“We won’t let the Iranians drag out the negotiations, try to deceive us and continue pursuing their nuclear program under cover of the talks in Istanbul.”
This firm pledge was uttered by President Barack Obama in answer to concerns raised by Prime Minister Binyamin Netanyahu when they met at the White House on March 5. He went on to outline the conditions the Iranians would be required to meet in the first two months of the talks with the six world powers due to begin in April – or else, he, the US President, would personally cut them short.
DEBKA-Net-Weekly’s sources in Washington itemize Obama’s seven provisos for keeping nuclear negotiations afloat:
1. A halt on uranium enrichment up to 20-percent grade, just short of weapons quality. The president rejected Netanyahu’s demand for Iran to stop enrichment in toto.
2. Shortly after the talks begin, Iran will be asked to sign supplementary protocols of the NPT-The Treaty on the Non-Proliferation of Nuclear Weapons.
The signatory must part with substantially more information about its nuclear and nuclear-related activities than Iran has been required to hitherto, including R&D, production of uranium and thorium (regardless of whether it is traded), and nuclear-related imports and exports.
Spot checks by UN inspectors will cut down concealment
International Atomic Energy Agency monitors will have more rights of access to Iran’s nuclear facilities at short notice (two hours). They will be authorized to use environmental sampling and remote monitoring techniques for detecting illicit activities.
Bureaucratic procedures must be streamlined for the automatic renewal of IAEA inspectors’ visas and ease of communications between them and IAEA headquarters in Vienna.
Obama told Netanyahu that these conditions if met by Iran would make it possible for the international inspectors to carry out spot checks and so finally close the “Nuclear Window,” meaning the two-month time lag between visits of inspection, during which Iran has been free to conceal unexplained quantities of enriched uranium and other nuclear weapons development work by whisking them out of sight to secret locations ahead of visits.
3. If Tehran continues to play hide-and-seek with the UN monitors in breach of those protocols, Washington will immediately lay before the public the intelligence it possesses on Tehran’s illicit activities until they are discontinued.
Netanyahu was given a quick demonstration by Washington of the effectiveness of this mechanism.
US spy satellites give the game away at Parchin
On March 7, the day the prime minister arrived home from Washington, a story hitting top headlines quoted “diplomats” in Vienna as disclosing that spy satellite images from the last three days (Sunday-Tuesday, March 4-6) showed trucks and earth-moving vehicles cleaning out the military facility at Parchin of radioactive traces.
Two of the “diplomats” told The Associated Press that those traces could have come from the testing of a small neutron trigger used to set off a nuclear explosion. A third diplomat could not confirm that, but said any testing of a so-called “neutron initiator” at the site could only be in the context of trying to develop nuclear arms.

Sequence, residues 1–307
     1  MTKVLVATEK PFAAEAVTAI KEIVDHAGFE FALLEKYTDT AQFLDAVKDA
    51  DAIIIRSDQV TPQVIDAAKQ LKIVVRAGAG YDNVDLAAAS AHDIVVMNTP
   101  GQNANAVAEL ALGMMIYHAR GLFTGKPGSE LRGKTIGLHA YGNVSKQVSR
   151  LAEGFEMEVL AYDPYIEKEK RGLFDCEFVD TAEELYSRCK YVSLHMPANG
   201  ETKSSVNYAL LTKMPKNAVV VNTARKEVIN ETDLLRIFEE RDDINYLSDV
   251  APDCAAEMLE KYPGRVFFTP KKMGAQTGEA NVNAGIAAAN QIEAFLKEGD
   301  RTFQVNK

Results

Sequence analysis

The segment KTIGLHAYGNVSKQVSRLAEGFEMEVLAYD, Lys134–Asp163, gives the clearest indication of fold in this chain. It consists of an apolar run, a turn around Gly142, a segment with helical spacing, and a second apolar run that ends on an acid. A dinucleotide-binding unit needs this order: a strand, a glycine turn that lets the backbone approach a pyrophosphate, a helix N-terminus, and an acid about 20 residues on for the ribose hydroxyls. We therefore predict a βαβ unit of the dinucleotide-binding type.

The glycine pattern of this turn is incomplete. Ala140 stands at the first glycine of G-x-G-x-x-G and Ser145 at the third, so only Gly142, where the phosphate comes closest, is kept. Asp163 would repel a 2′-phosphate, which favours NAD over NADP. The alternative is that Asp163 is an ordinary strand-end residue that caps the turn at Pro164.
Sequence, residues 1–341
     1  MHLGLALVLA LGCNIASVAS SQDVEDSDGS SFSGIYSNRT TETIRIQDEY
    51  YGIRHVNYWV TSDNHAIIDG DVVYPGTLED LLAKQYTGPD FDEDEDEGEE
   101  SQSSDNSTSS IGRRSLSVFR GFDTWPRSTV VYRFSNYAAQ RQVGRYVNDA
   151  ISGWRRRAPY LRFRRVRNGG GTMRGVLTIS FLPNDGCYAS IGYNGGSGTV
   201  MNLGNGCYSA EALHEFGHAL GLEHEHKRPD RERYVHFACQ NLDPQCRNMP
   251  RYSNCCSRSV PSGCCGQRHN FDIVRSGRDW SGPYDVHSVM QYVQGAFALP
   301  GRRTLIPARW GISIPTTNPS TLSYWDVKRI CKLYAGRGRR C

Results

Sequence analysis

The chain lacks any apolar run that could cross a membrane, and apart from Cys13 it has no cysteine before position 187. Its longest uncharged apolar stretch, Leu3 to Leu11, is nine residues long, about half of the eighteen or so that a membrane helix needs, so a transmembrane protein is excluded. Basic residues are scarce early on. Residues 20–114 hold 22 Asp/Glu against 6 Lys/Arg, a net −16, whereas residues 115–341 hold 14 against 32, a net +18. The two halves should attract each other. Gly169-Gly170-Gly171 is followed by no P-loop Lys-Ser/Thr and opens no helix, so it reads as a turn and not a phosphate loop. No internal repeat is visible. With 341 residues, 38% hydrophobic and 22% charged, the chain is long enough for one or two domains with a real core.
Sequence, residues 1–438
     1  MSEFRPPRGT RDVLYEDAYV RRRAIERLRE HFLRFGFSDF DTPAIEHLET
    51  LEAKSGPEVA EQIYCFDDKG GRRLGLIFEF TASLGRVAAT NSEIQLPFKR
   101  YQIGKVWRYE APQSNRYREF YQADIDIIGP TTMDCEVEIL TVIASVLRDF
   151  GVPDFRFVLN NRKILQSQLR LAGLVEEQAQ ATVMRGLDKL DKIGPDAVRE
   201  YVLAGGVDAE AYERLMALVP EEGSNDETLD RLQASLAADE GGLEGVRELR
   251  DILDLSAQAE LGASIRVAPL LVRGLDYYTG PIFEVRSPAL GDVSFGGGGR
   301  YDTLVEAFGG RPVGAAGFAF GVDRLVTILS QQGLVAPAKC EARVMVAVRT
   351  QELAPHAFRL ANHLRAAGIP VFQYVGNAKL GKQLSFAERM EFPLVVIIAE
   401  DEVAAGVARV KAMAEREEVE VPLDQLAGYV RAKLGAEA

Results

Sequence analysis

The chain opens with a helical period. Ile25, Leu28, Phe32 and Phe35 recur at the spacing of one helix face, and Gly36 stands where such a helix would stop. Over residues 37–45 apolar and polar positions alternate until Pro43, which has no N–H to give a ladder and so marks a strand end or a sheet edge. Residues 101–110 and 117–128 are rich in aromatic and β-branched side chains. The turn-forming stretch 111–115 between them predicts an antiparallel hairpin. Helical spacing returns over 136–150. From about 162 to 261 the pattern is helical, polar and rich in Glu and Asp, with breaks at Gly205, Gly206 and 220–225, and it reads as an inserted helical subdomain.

This disclosure was deeply embarrassing to Tehran coming as it did two days after Iran made the gesture of agreeing to open the site to the UN inspectors.
4. At the start of the talks in Istanbul, Iran will be required to open up to IAEA inspection the Sharif University of Technology-SUT, a high-prestige institution of learning often called “Iran’s MIT.”
The university is located in the Tarsht neighborhood of Tehran and has an international campus in Kish, an offshore island in the Persian Gulf.
US and Israeli intelligence both have amassed data indicating that the university labs in Tehran and Kish are the main centers of Iranian nuclear weapons development activity. Iran will also have to open up other suspect universities as well as industrial and medical research institutes.
No one seriously expects Tehran to toe any lines
5. In April or May at latest, IAEA inspectors must be permitted to interview Prof. Mohssein Fakhrizadeh, “the invisible nuclear physicist,” reputed to head Iran’s nuclear military program. They must also be given access to the 600 nuclear scientists and technicians working under him. This request has been twice denied.
6. Iran must forthwith stop developing a new generation of its IR4 and IR1 centrifuges for speeding up uranium enrichment.
Iranian President Mahmoud Ahmadinejad has stated several times recently that these centrifuges are already working, but his boast was not confirmed by US intelligence.
DEBKA-Net-Weekly’s sources in Washington say President Obama shared with Netanyahu the finding of American intelligence that the first generation of centrifuges, the IP1 models, used in Iran are ageing and will soon reach the end of their operational lifespan. A ban on the use of the more advanced models would effectively bring uranium enrichment in Iran to a close.
7. Iran will be asked to halt the transfer of centrifuges from the enrichment facility at Natanz to the underground facility at Fordow near Qom.
The US president made it clear that Tehran’s default on any of those conditions would effectively halt the Istanbul dialogue.
Since no one believes the Iranians have changed their spots to the point of toeing all seven lines, the Istanbul dialogue is pretty well doomed to failure before it starts, say DEBKA-Net-Weekly’s sources.
That is when the military option will be back on the table with greater impetus than ever.